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Naomi Osaka’s Success Indebted To Original 9, Narrates Natalie Portman

Naomi Osaka’s Success Indebted To Original 9, Narrates Natalie Portman

Three-times Grand Slam champion, Naomi Osaka has become the highest-paid female athlete in the world. Clinching her second US Open title, she bagged around three million dollars as the prize money. In the men’s section, Dominic Thiem emerged as the champion and he too bagged the same amount of money.

Equal pay for men and women may seem normal for tennis fans, but it was not the case a few decades back. There was open discrimination between the two in terms of prize money. The ratio went as high as 12:1 in favor of the men.

In the 1970s, tennis legend Billie Jean King along with eight other tennis players put their demands on the table. It was the demand for equal pay for men and women. Although it was turned down initially, the revolt of nine women was successful in getting their demands fulfilled.

Academy Award winner Natalie Portman narrates the journey of the Original 9.  She mentions the struggle they had to face 50 years back. Portman recalls the fruitful efforts of the glorious warriors who spoke up for equal pay.

Osaka’s earnings today can be traced back 50 years to a group of women who had the courage to demand more for themselves,she narrates.

The original 9 and Naomi Osaka

At the 1968 Wimbledon Championship, Rod Laver won £2,000. Contrastingly, Billie Jean King was awarded a meager £750 for her title victory. Billie and eight other female professionals, along with the publisher of World Tennis magazine, Gladys Heldman, boycotted the Pacific Southwest Championship.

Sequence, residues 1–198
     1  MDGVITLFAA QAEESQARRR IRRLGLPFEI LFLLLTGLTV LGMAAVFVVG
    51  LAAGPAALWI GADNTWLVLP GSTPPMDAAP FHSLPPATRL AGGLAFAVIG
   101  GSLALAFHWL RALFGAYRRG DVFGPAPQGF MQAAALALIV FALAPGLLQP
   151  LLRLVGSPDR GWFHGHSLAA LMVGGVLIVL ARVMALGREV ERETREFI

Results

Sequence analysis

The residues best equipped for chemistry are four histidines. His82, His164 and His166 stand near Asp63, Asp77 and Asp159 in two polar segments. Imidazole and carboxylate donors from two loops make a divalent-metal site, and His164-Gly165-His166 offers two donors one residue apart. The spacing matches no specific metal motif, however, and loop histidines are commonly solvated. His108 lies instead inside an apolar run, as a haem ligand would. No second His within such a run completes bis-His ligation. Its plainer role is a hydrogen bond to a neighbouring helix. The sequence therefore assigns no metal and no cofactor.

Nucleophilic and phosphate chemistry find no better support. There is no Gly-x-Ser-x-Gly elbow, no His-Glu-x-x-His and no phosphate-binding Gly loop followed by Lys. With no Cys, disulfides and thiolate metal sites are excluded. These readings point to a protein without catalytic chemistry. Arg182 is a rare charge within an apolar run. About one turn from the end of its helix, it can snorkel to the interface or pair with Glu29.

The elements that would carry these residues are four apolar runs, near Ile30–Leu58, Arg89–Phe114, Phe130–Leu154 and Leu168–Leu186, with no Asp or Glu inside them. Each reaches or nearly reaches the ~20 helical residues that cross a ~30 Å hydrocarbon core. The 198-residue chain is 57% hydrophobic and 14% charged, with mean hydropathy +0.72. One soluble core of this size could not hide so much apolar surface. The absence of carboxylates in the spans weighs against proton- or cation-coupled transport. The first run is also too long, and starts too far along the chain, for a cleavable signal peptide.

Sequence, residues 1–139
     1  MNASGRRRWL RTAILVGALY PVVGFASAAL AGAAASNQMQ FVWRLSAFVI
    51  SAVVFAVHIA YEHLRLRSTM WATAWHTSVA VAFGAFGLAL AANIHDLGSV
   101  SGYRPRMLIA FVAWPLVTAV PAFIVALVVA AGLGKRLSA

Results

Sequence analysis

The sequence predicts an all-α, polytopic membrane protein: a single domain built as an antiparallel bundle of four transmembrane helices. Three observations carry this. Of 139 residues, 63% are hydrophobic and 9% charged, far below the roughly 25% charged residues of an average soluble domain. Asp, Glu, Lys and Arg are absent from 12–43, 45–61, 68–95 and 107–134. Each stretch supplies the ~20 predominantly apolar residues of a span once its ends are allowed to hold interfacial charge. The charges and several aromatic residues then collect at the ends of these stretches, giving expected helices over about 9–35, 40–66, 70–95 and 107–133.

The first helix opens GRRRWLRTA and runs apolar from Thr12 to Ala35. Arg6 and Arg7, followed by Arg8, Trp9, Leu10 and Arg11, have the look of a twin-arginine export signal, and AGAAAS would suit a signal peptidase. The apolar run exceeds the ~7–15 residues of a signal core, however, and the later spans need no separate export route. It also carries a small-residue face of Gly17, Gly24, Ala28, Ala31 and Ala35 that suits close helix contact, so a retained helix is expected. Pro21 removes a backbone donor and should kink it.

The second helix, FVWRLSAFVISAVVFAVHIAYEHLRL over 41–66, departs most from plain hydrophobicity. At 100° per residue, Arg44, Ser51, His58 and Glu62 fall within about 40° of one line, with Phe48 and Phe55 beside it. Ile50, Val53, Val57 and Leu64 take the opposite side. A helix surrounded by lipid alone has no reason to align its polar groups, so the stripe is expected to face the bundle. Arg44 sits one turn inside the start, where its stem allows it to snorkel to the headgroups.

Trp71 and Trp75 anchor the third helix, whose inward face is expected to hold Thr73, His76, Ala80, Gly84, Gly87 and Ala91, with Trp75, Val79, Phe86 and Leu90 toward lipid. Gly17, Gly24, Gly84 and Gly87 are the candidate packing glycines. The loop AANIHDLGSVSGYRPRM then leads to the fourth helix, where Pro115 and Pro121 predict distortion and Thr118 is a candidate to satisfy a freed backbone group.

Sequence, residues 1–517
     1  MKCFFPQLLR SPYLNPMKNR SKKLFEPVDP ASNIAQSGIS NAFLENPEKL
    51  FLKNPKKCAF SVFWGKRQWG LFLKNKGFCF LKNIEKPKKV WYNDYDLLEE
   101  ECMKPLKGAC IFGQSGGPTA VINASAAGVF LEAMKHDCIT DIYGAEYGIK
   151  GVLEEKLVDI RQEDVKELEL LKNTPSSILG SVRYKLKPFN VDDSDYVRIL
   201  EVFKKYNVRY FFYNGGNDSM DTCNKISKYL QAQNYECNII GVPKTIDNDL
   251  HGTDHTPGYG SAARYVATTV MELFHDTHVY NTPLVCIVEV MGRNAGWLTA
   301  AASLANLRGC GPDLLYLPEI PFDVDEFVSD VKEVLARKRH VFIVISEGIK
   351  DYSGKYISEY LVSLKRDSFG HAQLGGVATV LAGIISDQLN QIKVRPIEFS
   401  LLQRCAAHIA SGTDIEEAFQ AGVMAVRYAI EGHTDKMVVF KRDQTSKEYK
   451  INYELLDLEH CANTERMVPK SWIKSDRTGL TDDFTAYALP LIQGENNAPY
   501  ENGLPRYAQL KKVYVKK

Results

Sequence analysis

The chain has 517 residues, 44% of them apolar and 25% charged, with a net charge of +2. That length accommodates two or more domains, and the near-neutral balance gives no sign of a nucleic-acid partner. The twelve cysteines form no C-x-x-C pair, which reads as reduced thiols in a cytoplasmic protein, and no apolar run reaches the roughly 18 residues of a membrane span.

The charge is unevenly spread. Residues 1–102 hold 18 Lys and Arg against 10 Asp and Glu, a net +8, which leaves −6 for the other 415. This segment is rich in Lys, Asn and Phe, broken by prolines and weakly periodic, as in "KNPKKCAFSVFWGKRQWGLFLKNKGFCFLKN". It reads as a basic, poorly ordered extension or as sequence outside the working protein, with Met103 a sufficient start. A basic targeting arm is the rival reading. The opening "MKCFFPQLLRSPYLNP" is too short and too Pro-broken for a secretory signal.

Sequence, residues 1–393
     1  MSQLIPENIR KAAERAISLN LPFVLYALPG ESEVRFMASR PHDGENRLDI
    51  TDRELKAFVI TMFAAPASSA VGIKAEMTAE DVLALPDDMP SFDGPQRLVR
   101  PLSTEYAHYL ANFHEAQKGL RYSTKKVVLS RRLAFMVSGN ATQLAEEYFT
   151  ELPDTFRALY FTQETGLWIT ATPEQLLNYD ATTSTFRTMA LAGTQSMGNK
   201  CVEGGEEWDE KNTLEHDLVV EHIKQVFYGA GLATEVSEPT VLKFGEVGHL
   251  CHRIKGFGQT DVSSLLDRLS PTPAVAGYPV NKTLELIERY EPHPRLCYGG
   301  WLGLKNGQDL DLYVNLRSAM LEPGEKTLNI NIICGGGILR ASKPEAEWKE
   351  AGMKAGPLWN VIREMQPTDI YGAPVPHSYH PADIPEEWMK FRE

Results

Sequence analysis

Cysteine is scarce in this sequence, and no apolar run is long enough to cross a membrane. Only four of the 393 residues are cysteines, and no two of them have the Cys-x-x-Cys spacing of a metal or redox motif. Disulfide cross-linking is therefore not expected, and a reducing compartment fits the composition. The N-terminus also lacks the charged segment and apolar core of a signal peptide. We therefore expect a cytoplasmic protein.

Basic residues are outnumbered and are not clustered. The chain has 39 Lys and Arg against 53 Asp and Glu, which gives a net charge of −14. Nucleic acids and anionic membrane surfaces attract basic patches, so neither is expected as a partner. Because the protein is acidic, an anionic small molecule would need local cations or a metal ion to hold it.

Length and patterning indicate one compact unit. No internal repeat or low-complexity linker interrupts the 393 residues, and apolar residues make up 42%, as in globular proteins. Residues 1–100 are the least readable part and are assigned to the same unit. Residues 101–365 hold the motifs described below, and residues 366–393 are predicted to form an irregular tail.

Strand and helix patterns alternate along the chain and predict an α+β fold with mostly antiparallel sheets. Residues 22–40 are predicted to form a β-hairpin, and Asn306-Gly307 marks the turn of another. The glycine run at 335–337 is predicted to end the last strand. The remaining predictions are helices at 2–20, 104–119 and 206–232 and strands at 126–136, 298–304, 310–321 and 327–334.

A separate tour named the Virginia Slims was organized for the 9 iron-fisted women. Their banishment from the US Lawn Tennis Association couldn’t stop their passion and demolish their objective.

Eventually, the number grew from 9 to 40. A little while later, they formed the WTA, and a segregated WTA Tour became a reality. At last, the struggle of the brave women bore fruit.

The revolution started the movement for equal pay in tennis. Because of their revolution, half a century later, we see young talents like Osaka bagging equal prize money in the tournaments.

Naomi Osaka in action in US Open 2020 with a bandaged hamstring
Flushing Meadows, New York, USA; Naomi Osaka of Japan hits the ball against Victoria Azarenka of Belarus in the women’s singles final match on day 13 of the 2020 U.S. Open tennis tournament at USTA Billie Jean King National Tennis Center. Mandatory Credit: Robert Deutsch-USA TODAY Sports

The reigning US Open 2020 champion, Naomi Osaka, even engaged in conversation with Billie Jean King following her triumph in Flushing Meadows.

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